Events | 18 Apr 2017

Asia's Rising Star - Florilege

Positioned at No.14 on Asia's 50 Best Restaurants 2017, Florilège is certainly one to watch as a rising star of the region. The One To Watch Award for Asia 2016 was also awarded for the first time to Florilège, to a restaurant outside the Asia's 50 Best Restaurants list. We catch up with Chef Hiroyasu Kawate, chef-owner of Florilège to find out about his thoughts on winning and aspirations for the future.

What are your thoughts on winning at the Asia’s 50 Best Restaurants 2017?

I am honoured to receive such an award. Florilège is garnering attention around the world, which is tough, but ultimately worthwhile and fulfilling.

Sustainability is a huge theme at your restaurant. Tell us more about your views and how you intend to spread this philosophy.

We have two words in Japanese: “MOTTAINAI” and “ITADAKIMASU”. MOTTAINAI means that’s a waste or “What a waste!” ITADAKIMASU means “I will take this food to show thanks to the people who cook it”. I think both of these Japanese words come from the sense that we want to show thanks to all living things used in our food.

Even though we have such nice words in Japan, most Japanese don’t understand their meaning any more. Japan is the country with the most food waste in the world. This is such a pity and I feel responsibility for this problem.

In order to wake Japanese up to reality, I am trying to do some pop-up events and to join in at global gastronomic gatherings. This is very important to me so I can speak out about the food waste problem. Chefs, students, scientists and producers can all work together to work out this problem.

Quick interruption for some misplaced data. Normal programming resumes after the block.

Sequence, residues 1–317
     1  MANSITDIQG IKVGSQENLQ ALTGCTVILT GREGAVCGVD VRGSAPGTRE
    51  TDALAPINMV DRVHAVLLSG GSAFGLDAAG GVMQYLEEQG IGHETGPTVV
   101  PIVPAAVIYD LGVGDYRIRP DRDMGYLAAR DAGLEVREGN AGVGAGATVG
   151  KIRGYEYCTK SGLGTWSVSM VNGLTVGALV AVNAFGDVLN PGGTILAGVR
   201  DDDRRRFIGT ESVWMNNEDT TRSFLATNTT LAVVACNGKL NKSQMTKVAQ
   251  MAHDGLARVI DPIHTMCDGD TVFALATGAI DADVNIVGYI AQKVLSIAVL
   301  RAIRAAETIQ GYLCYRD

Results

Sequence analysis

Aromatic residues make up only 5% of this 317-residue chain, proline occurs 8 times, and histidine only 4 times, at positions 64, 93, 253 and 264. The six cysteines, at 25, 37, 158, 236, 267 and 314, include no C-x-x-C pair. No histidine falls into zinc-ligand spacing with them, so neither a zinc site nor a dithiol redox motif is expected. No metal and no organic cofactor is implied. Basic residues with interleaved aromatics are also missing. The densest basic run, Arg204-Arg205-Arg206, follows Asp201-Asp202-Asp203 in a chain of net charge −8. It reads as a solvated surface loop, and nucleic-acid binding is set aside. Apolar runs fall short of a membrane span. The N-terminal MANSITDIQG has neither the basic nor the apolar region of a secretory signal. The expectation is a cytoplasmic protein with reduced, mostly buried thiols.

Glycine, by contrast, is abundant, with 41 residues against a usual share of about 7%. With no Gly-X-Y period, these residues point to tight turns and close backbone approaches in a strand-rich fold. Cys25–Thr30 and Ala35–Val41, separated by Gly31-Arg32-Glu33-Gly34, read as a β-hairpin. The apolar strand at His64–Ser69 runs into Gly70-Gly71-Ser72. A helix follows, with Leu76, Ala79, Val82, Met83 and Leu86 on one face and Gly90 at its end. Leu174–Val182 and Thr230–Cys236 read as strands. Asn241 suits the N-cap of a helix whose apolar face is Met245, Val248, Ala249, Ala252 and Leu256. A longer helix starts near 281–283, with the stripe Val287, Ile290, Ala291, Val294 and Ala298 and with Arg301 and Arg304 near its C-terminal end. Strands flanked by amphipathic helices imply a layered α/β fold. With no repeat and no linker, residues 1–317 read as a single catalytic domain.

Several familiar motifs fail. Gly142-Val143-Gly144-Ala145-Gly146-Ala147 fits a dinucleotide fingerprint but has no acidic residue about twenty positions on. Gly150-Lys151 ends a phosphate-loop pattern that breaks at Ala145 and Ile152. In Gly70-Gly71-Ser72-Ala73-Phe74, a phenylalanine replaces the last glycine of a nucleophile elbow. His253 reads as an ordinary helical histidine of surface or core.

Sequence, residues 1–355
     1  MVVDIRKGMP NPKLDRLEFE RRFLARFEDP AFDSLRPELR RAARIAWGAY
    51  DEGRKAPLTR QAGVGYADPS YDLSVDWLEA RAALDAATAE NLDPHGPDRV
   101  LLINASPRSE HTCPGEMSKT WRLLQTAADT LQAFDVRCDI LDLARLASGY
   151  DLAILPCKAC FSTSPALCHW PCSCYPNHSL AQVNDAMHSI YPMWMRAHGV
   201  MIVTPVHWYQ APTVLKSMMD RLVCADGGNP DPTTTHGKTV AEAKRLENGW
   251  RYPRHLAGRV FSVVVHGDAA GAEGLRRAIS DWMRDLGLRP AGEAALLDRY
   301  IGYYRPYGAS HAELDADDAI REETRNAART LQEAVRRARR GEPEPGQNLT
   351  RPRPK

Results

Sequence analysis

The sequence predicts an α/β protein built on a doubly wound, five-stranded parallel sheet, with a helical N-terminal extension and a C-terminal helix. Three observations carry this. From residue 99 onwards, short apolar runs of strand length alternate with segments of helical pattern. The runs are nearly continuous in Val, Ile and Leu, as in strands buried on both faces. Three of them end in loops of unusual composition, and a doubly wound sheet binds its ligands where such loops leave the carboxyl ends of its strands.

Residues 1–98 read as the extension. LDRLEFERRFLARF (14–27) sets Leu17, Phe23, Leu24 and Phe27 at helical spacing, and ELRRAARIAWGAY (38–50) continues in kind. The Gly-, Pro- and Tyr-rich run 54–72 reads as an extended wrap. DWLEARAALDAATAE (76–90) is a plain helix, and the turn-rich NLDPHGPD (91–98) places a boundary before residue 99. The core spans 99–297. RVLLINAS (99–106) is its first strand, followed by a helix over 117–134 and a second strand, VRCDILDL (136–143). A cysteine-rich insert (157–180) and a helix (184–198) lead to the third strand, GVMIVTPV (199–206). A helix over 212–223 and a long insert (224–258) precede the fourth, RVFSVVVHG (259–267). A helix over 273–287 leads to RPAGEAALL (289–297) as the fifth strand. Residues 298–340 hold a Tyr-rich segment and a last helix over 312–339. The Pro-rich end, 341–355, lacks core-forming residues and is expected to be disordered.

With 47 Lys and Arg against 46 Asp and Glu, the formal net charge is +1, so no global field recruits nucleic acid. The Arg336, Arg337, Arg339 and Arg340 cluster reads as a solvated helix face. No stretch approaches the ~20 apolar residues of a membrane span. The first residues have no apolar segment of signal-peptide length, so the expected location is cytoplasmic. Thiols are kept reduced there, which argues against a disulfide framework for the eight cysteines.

We serve our signature dish “Beef Carpaccio” using cows that have already calved five or six times, which is not common in Japan. We also serve soup containing vegetables that would otherwise go to waste. When we serve those dishes at Florilège, we’re sending a message to people to recognise the problems in Japan. Understanding what is really happening and making an effort to solve this issue is very important not only in Japan but also around the world.

You have worked with many great chefs, can you tell us who has been your greatest inspiration so far?

All the chefs I’ve worked with are respectable and wonderful! They cook dishes with creativity and originality. Especially among them, Chef André Chiang, who I respect very much. What he has been doing for sustainability and trying to make Asian chefs all part of one big team has really impressed me. Chef Gaggan Anand is also trying to make us together as a one big family. He is one of the chefs I most respect in the world.

What are your aspirations for Florilège in the near future? Do you intend to expand or start a new restaurant perhaps?

No. I am not thinking of having any more restaurants in Japan. However, I am planning to do something in Taiwan, which is one of my favourite countries.

What is your favourite country in the world to visit & why?

Taiwan, Korea and Belgium are my favourite countries. The reason is, of course, I have some of my best chef friends in those countries. They are all in the same age group and respectable chefs; on the other hand, they are good rivals as well. In Taiwan, there’s Raw; in Korea, Mingles; in Belgium, Hertog Jan.

In my opinion, there are many reasons to visit these countries, including their culture, nature and historical architecture.